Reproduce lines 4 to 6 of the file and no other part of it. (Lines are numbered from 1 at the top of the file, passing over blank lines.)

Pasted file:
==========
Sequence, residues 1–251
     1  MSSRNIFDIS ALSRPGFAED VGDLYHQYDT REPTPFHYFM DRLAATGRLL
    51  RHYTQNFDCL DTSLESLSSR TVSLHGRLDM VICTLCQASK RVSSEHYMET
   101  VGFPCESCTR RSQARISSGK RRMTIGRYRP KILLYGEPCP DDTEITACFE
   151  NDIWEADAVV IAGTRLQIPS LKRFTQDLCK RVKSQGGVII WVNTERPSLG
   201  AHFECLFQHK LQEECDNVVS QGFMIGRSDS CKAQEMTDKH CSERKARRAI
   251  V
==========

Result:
   101  VGFPCESCTR RSQARISSGK RRMTIGRYRP KILLYGEPCP DDTEITACFE
   151  NDIWEADAVV IAGTRLQIPS LKRFTQDLCK RVKSQGGVII WVNTERPSLG
   201  AHFECLFQHK LQEECDNVVS QGFMIGRSDS CKAQEMTDKH CSERKARRAI